Thank you to all the candidates who completed the survey.
The puffin ratings below are based on their answers to the multiple choice questions we posed to them across three key issues, with four green puffins indicating the best answer down to 1 green puffin indicating the least environmentally friendly option. We did not factor the candidates' free form text answers (visible by clicking 'Read More' to get to their candidate page) into the ratings.
Candidates who did not engage with the survey received zero green puffins.
The States questions also contain informative environmental responses for some candidates:
Which statement best aligns to your views on the climate crisis?
We should act fast on climate change, and adopt a clear plan to reach net zero carbon emissions by 2040.
Please let us know more about your perspective on the climate crisis in your own words.
This can no longer be an arm’s length, future issue. As government and individuals, we all have to take responsibility for this now and be prepared to make some big changes. Doing your recycling is great, but it’s going to take a lot more than that. We’re all privileged to live in such a beautiful place, it’s time to recognise that privilege and start actively showing respect to our home, not just saying the right words. We need to invest in infrastructure that reduces traffic and incentivise people to get out of their cars, enable and encourage people to move to sustainable energy resources, and we need to protect and encourage our natural biodiversity.
Which statement best aligns to your views on the challenges being faced by local biodiversity?
I believe urgent action is needed to save Guernsey's biodiversity, and the States should immediately invest more funding to protect it, introducing new legislation as appropriate.
Please let us know more about your views on the challenges faced by local biodiversity in your own words.
I have learned a lot recently about our biodiversity but I have so much more to learn. The work going on in our community is fantastic but these projects clearly need to be supported, upscaled and invested in by our States. The thought that we don't really know which species loss could be the one that tips us over the edge and yet we keep on allowing them to be lost anyway, is truly terrifying.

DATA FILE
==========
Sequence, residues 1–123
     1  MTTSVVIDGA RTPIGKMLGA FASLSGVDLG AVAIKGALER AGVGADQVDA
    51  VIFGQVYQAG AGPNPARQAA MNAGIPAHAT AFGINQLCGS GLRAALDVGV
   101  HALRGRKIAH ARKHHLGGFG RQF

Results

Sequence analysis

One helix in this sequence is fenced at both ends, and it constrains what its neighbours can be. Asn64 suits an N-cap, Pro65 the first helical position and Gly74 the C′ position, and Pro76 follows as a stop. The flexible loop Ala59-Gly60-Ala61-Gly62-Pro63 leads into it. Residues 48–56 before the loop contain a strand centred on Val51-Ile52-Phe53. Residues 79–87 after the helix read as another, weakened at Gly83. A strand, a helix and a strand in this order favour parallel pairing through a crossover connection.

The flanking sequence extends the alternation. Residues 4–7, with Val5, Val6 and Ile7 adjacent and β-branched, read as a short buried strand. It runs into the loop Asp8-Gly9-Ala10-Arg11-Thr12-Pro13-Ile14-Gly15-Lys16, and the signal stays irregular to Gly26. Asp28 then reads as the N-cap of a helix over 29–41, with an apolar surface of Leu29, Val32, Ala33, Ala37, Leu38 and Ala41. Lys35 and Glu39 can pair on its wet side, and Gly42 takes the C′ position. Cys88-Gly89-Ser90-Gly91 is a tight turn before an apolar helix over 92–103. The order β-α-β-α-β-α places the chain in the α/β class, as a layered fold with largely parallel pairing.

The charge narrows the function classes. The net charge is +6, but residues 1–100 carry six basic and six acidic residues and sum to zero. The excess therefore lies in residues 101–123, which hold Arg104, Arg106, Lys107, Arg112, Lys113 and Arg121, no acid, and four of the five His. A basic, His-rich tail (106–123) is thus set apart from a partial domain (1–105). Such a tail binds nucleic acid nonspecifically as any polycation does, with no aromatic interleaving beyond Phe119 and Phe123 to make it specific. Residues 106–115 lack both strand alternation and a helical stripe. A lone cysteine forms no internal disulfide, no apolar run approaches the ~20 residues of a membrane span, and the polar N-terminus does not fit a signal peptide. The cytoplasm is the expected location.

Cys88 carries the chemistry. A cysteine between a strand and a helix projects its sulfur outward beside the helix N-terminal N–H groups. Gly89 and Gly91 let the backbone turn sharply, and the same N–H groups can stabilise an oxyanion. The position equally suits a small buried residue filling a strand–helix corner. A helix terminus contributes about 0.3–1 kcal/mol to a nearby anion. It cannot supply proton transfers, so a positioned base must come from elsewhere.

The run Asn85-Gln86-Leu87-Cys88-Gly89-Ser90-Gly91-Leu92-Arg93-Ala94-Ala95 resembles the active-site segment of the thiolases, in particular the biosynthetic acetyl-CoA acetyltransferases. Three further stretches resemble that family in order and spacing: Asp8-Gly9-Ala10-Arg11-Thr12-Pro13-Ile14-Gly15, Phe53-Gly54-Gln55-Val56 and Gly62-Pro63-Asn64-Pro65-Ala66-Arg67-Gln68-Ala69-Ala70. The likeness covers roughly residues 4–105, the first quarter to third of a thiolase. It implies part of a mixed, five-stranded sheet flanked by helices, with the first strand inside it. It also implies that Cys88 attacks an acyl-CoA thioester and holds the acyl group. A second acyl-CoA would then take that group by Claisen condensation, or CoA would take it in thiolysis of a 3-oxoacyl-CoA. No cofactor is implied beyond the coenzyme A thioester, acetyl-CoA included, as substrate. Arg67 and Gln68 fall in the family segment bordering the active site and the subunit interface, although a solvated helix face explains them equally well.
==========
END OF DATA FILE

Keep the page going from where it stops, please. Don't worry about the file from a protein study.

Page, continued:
Transitioning to a greener economy could result in major, potentially unequal, social and economic impacts. Which statement best reflects your view of how these should be managed?
We can do more than just avoid unfairness - we can and should use climate action as an opportunity to build a better, fairer society, for example, through green job creation and progressive funding solutions.
Please let us know more about your perspective on climate equity and transitioning to a greener economy in your own words.
Climate equity is a fairly new concept to me but it's starting to make sense! However, what is not new to me is collaborative working, a desire to reduce our impact on the environment and equality/equity. They are some of the key themes on my website www.tinabury.com If environmental issues are worked on collaboratively across committees, business and third sectors, with equitable outcomes at the forefront of mind I believe we can achieve a greener economy fairly.
THE NEXT 4 YEARS
Where the environment is concerned, what outcomes do you think the States should achieve in the next four years, in your own words?
I would like to see the funding for the Strategy for Nature awarded as requested and to see it being considered through all relevant decision making. I would like to see some bold decisions made, and at least begin to be implemented, that demonstrate our commitment to the reduction of carbon emissions and use of renewable energy.